RALEIGH – Southeast Raleigh Promise has introduced a new blueprint of community engagement that is gaining momentum and ensures the residents it serves are aware of the available resources and how to tap into them.
The organization’s Southeast Raleigh Community Leadership Action Team hosted a larger crowd at its second Neighborhood Meet & Greet on March 26 at Wingz American Grill off Rock Quarry Road.
The monthly meet and greets are designed to build relationships throughout the community, share resources and create pathways to strengthen leadership development in preparation to tackle complex issues.
“Everyone has the potential for leadership, but not all have the resources to develop themselves to do that effectively because we have been intentionally excluded from positions of leadership in the community,” said Kia Baker, the founder and executive director of Southeast Raleigh Promise, a nonprofit “community quarterback.” “This is our attempt at building community and relationships to solve problems.”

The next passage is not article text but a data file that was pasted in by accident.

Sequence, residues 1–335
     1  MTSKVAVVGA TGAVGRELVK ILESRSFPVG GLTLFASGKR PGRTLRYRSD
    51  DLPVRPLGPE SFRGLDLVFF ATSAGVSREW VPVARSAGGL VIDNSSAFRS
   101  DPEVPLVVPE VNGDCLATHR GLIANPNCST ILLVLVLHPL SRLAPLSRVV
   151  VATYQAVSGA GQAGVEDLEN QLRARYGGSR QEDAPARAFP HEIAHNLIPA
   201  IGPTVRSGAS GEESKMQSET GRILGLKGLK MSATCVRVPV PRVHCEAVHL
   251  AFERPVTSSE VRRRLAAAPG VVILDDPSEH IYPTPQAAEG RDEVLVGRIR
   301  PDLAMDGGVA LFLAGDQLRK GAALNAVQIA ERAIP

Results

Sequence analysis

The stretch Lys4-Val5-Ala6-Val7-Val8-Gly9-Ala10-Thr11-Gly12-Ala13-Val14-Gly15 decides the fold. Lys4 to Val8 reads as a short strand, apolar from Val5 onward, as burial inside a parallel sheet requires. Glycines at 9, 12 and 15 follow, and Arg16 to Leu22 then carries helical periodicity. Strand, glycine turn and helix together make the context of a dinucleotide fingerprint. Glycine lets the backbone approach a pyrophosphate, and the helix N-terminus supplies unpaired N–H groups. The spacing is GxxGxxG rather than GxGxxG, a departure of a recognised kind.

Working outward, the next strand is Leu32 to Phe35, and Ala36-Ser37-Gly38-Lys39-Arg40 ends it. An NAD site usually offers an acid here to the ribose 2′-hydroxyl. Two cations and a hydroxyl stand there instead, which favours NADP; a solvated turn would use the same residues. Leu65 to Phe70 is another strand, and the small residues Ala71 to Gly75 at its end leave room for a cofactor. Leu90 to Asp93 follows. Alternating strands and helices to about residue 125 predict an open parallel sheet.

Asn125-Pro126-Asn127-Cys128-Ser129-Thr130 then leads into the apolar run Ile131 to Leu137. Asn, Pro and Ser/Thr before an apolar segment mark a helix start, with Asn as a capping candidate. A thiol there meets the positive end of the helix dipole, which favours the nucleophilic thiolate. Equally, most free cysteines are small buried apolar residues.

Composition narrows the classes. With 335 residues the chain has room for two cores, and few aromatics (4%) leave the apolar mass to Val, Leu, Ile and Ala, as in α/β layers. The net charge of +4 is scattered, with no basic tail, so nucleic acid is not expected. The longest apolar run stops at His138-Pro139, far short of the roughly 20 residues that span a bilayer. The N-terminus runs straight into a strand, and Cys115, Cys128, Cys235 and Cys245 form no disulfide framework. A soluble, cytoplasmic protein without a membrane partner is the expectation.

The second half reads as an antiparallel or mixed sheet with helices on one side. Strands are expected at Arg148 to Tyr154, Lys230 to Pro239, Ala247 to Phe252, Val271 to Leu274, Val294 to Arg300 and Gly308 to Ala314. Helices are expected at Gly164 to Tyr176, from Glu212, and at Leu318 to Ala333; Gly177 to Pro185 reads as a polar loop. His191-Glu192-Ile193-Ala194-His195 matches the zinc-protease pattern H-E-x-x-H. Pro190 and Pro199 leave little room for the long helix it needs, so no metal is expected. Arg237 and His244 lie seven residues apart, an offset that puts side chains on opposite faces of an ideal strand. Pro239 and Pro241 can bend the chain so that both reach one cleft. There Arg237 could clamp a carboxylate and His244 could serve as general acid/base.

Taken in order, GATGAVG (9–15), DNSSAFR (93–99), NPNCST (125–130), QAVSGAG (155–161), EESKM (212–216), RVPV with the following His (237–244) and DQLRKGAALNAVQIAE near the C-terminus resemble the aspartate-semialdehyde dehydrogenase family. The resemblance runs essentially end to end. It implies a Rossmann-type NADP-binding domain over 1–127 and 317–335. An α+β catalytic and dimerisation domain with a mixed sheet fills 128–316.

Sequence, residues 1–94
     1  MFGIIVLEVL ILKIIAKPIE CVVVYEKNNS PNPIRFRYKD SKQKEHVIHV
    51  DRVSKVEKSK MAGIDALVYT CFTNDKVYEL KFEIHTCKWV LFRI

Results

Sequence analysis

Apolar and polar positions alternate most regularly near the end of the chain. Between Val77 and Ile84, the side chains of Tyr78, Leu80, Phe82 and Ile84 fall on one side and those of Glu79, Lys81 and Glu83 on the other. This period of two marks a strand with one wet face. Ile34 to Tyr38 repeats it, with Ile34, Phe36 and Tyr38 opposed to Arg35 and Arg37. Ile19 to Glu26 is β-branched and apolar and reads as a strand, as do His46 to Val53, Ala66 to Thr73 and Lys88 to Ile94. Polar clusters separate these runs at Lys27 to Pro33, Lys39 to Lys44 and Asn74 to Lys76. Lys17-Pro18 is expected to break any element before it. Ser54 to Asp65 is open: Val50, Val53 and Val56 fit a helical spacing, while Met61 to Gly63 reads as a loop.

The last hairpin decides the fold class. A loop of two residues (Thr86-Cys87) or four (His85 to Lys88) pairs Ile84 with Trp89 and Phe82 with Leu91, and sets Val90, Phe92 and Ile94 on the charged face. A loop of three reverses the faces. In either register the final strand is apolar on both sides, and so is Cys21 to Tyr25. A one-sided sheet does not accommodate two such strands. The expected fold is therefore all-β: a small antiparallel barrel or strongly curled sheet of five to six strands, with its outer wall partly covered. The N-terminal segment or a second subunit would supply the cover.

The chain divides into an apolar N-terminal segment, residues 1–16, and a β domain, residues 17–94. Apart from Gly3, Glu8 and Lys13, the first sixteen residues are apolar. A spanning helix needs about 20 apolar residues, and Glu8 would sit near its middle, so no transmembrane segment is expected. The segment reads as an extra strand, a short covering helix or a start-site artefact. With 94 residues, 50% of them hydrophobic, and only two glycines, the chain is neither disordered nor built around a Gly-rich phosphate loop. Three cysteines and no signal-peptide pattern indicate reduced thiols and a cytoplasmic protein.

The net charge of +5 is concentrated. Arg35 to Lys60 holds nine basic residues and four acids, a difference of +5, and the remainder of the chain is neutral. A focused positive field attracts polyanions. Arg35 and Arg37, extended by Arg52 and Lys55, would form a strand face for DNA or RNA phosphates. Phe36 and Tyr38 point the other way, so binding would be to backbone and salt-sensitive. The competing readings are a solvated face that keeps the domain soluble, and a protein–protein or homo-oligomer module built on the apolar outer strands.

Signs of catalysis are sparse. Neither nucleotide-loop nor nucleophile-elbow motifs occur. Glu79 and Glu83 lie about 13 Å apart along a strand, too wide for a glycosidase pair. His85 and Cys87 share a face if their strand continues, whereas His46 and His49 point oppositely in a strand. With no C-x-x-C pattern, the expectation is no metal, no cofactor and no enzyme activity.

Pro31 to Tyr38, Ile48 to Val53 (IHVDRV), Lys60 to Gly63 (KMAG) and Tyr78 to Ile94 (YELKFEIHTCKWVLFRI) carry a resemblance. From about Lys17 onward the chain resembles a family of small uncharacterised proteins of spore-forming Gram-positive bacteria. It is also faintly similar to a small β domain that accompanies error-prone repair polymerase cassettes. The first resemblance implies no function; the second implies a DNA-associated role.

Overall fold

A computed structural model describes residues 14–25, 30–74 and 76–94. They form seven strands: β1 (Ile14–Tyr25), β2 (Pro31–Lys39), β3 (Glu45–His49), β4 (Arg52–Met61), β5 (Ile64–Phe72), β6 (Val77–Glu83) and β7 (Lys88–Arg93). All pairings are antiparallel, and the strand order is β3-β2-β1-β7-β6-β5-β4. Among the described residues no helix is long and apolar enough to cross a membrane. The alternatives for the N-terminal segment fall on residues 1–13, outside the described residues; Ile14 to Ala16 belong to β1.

The overall mission of Southeast Raleigh Promise is to develop a “cradle-to-career pipeline of services and interventions to support children and families in Southeast Raleigh,” Baker said. Using a Purpose Built Communities model, the organization aims to break cycles of intergenerational poverty. and improve outcomes for children and families through education, affordable housing, health and wellness, economic opportunity and leadership development.
The group will combine its April 27 meet and greet with the Southeast Raleigh Community Day, which it co-sponsors with the YMCA of the Triangle and the new Southeast Raleigh YMCA. The event will be at 1436 Rock Quarry Road, the site of a new elementary school, YMCA, and mixed-use residential and commercial development.
“A lot of what’s going on, too many of us don’t know anything about it,” said New York native and Raleigh newcomer Telena Banks, who has completed the Raleigh Neighborhood College, and is working to start a television show on RTN that will showcase what Southeast Raleigh has to offer and what it needs. “We want to be more involved in the community, and I see this as a way to find out about what resources are out there for all of us.” Read More